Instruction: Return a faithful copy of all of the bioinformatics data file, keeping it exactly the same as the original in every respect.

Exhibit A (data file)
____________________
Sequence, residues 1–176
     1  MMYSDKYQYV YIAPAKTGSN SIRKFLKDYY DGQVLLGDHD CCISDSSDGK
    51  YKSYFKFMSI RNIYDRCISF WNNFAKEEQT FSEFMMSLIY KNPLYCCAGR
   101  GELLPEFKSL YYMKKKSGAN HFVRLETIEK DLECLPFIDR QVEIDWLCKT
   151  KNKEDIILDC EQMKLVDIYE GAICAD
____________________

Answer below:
Sequence, residues 1–176
     1  MMYSDKYQYV YIAPAKTGSN SIRKFLKDYY DGQVLLGDHD CCISDSSDGK
    51  YKSYFKFMSI RNIYDRCISF WNNFAKEEQT FSEFMMSLIY KNPLYCCAGR
   101  GELLPEFKSL YYMKKKSGAN HFVRLETIEK DLECLPFIDR QVEIDWLCKT
   151  KNKEDIILDC EQMKLVDIYE GAICAD